We were hoping for a nest this morning, but no such luck:  a false crawl again.  Almost missed this one with the wind blowing a lot of the ingoing tracks away.  These photos are of the outgoing track.

The crawl was at the western most end of the island very near Hog Inlet.  If this turtle goes any further west, she will lay a nest on North Myrtle.  Hope the Friday walkers will hit the jackpot and find a real nest.  Good luck!

Tuesday, May 10, 2011

First Crawl of the Season

The Tuesday team of Valerie, Dave, Bruce and Rita reported the first crawl of the 2011 season this morning.  This crawl was on the western (lower) end of the island, about 100 feet below Marker #1.  It certainly looks like a loggerhead turtle - track width was 3' 2" with alternating flipper strokes.

To see more detail, click on the photos.

The probing
After evaluating the crawl and doing some probing, it was declared a false crawl.  The turtle wasn't on the beach long and there was no evidence of a nest site.  She did however make her way along the dunes apparently looking for the "perfect" spot.  Not finding it, she may return again tonight.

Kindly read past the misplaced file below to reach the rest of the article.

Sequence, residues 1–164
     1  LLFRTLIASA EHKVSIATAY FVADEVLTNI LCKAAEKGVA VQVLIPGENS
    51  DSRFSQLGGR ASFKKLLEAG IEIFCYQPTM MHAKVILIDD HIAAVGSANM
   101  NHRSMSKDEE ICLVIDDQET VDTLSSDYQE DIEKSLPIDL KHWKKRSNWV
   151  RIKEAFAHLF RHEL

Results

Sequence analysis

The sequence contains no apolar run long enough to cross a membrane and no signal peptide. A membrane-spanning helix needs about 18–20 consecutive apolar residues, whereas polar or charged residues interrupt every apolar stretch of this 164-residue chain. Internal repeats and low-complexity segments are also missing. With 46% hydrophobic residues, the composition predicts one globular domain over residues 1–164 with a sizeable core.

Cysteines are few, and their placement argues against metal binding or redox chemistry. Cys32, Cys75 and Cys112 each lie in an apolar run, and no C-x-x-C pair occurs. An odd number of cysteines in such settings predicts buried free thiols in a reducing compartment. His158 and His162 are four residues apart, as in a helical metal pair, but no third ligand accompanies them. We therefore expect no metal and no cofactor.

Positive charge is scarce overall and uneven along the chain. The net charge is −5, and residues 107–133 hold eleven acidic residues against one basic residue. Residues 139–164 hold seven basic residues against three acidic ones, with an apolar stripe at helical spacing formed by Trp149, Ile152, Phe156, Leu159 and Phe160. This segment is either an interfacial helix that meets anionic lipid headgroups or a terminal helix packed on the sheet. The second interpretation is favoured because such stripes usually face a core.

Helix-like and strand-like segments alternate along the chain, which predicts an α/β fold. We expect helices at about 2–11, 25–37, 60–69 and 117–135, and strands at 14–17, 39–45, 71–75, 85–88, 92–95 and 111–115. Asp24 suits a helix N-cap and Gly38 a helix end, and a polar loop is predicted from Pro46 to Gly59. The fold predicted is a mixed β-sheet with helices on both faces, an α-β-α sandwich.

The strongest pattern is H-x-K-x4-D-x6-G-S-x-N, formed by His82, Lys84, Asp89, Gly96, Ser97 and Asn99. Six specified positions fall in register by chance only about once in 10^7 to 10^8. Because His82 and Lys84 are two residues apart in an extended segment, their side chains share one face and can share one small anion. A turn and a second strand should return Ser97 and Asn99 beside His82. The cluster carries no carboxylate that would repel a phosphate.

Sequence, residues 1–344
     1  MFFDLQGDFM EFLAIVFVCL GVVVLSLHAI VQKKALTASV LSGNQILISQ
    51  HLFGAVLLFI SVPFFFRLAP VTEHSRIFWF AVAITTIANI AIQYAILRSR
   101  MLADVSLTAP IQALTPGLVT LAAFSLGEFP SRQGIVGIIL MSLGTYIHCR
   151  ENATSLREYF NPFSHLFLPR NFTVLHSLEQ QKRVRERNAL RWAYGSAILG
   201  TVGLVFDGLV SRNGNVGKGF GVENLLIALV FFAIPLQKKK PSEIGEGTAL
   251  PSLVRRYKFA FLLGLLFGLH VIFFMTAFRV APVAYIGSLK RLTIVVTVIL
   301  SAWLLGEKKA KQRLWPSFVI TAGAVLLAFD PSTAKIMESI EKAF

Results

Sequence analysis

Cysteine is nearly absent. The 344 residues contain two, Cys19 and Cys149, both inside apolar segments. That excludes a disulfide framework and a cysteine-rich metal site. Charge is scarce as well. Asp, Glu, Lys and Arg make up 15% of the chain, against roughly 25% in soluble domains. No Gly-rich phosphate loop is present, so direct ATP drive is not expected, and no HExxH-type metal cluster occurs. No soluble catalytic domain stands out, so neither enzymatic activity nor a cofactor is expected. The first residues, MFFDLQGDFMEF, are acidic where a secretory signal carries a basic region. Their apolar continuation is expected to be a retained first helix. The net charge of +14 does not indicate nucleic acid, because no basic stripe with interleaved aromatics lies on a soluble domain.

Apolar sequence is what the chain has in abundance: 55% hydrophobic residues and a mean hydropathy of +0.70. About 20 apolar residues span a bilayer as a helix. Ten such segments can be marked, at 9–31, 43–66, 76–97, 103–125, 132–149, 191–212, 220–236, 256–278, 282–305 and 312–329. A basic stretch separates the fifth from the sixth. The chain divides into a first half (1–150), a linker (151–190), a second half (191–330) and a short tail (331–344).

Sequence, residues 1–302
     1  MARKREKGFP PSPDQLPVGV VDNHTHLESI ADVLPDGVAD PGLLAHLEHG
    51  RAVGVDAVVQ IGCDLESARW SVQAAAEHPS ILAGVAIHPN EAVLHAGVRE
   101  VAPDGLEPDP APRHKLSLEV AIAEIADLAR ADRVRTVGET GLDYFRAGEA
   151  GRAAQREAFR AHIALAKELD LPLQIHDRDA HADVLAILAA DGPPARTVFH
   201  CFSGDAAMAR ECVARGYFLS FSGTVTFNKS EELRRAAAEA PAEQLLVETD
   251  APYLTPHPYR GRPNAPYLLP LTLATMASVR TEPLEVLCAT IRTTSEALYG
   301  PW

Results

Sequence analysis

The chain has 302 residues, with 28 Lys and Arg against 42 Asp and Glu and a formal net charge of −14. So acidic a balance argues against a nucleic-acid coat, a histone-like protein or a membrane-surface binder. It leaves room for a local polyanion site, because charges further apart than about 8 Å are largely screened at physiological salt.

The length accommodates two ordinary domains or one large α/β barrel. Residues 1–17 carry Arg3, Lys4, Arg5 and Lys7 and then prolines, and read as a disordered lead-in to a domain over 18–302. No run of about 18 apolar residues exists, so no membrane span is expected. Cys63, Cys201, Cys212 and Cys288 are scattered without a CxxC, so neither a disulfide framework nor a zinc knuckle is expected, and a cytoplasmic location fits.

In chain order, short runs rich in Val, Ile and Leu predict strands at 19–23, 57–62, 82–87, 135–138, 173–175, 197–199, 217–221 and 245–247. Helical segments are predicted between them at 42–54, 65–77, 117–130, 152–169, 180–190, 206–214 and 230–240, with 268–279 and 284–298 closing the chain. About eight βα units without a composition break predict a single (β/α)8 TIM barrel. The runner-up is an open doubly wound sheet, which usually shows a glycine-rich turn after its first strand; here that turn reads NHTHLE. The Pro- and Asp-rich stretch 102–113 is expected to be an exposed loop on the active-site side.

Rita and Bruce celebrating

Is it here???
Checking the track width
A fair sized turtle; we'll keep a lookout
for turtle with similar track widths

This is the earliest crawl we have documented on Waties since we started surveys six years ago.  South Carolina currently has 17 nests and North Carolina has 1 so far this season.  We're off to a very good start!

Thanks to Valerie for sharing her photos.

Barb and Steve

Thursday, May 5, 2011

Thursday Beachcombing

It was COLD this morning, but at least it was sunny and dry.  The water was warmer than the air.  This poor live spider crab was just out of the water and probably not very happy about it.  We put it back in to keep warm.

We also saw two dead loons on the beach.  Loons often winter here in South Carolina.  These two could have been on their way north.

Our new volunteer, Christine, found a baby leopard SHARK on the beach too (this one was born in China).  And the usual beach "stuff" - fish hook, underwear, a towel, fishing line, a nice olive shell, sea pork and whelk egg cases.  This moon jelly has a spider crab caught up in it too (click on the photos to see more detail).